Figure 1 Contact resistance vs. number of cycles.
In addition to Life Test, another critical criterion is operation in Sleep Mode. Sleep testing validates the ability of a mechanical switch to remain in a fixed state for an extended period of time, and still switch reliably to another state when energized. This parameter is a result of applications where mechanical relay switches are used to switch-in redundant paths in the event of a failure in the main path (see Figure 2).
Figure 2 Production test results: Switch 1000 cumulative switch-cycle failures.
Mini-Circuits continues to test switches in this mode of operation. Sets of switches were stored in a laboratory environment and in a fixed state over a period of four years. At specific intervals, switches were removed and tested for their ability to “switch” after the period of inactivity. All switches operated successfully the first time they were energized, including those energized after being dormant for four years.
Even though the life of the Mini-Circuits switches is greater than any other switch on the market today, the switches will fail at some point. However, their unique construction makes it very practical to service the switch by cleaning the contact assembly enabling switch performance recovery for extending the switch life to well over 100 million cycles. Mini-Circuits also validated the effectiveness of the “tune-up” on the mechanical switches, subjecting switches to extended life testing with “tune-ups” after any switch reached 1000 cumulative failed switch cycles. The company has achieved total switch life cycle of greater than 300 million cycles (see Table 2).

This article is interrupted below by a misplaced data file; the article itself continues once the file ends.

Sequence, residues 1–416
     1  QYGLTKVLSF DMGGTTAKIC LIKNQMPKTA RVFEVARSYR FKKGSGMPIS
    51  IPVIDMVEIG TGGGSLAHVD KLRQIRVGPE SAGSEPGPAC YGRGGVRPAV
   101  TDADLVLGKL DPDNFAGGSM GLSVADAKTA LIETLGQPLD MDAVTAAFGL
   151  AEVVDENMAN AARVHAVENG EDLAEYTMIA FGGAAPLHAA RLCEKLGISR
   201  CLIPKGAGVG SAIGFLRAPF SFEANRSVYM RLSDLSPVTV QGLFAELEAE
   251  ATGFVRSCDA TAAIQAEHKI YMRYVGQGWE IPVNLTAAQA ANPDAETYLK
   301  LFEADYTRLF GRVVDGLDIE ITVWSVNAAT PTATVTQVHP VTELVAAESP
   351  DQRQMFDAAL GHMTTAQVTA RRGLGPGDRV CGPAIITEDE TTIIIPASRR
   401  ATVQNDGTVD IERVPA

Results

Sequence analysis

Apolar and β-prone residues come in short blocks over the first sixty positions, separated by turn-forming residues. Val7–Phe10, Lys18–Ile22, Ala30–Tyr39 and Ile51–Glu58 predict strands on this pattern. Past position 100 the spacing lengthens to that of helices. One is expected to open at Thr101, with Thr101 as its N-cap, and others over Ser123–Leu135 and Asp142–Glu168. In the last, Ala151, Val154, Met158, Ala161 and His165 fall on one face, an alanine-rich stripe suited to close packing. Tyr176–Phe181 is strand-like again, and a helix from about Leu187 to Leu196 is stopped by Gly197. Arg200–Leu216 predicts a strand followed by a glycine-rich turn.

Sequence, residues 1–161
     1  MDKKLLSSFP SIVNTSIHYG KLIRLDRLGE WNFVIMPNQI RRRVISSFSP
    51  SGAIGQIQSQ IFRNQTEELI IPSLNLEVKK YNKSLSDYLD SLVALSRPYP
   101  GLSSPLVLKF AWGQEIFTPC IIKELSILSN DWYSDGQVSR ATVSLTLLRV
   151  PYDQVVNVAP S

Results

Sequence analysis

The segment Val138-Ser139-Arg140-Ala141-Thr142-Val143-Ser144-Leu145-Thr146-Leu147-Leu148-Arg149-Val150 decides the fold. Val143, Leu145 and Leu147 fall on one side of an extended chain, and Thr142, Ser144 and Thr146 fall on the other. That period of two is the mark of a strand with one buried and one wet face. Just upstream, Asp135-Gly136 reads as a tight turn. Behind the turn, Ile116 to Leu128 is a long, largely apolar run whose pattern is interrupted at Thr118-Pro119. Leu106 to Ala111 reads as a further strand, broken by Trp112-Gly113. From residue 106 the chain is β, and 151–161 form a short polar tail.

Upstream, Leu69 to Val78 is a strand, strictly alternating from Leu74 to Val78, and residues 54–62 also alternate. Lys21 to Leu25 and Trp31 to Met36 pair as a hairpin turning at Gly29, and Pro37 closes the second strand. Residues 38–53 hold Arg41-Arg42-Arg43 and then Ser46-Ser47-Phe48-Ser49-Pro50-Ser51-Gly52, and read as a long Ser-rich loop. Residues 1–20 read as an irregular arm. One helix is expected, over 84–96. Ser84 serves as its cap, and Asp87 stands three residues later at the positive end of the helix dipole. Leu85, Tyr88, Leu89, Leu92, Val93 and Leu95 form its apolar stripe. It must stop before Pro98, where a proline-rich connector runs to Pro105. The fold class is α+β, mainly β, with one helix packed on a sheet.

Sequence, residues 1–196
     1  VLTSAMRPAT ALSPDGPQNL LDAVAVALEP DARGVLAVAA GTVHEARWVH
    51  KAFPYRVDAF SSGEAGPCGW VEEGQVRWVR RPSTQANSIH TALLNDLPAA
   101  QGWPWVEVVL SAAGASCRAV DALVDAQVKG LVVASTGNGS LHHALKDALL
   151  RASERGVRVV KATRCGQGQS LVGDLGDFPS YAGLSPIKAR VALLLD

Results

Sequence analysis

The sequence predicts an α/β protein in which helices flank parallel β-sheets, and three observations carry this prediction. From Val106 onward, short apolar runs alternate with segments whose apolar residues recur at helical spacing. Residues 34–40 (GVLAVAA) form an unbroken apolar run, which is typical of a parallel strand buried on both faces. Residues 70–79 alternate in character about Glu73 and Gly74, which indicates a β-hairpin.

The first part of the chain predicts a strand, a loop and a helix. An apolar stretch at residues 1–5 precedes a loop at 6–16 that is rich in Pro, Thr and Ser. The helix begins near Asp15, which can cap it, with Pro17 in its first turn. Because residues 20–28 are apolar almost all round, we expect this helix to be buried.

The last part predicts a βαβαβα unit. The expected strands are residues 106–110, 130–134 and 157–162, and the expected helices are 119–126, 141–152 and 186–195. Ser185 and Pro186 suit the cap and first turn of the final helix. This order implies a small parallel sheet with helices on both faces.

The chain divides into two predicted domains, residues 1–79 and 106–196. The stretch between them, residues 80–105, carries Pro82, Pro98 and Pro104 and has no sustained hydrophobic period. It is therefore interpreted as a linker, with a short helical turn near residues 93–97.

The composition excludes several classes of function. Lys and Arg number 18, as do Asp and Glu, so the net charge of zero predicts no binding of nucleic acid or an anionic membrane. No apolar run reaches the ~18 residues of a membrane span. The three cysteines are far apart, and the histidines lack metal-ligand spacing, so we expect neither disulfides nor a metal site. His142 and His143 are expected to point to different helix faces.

It is a Mini-Circuits internal quality requirement that each production lot of mechanical RF switches be subjected to sample life testing prior to Lot Acceptance. On each production lot, a minimum of two switches are randomly selected and subjected to the same DC life test as outlined above. All units are required to pass the First Failure and the Cumulative Failure criteria for lot acceptance. Data is recorded on all production lots; Figure 2 represents the distribution of switch cycle-count at which 1000 Cumulative Cycles occurred for each of the 75 switches.
Through a unique design approach, Mini-Circuits has developed and validated a new design concept for mechanical RF switches that, for all practical purposes, do not wear out and have a lifetime far exceeding switches commercially available on the market today. They have demonstrated ability to be used in excess of 300 million cycles with periodic tune-up, meeting all electrical performance as outlined in the catalog datasheet.
Brooklyn, NY (718) 934-7092
RS No. 300
Get access to premium content and e-newsletters by registering on the web site. You can also subscribe to Microwave Journal magazine.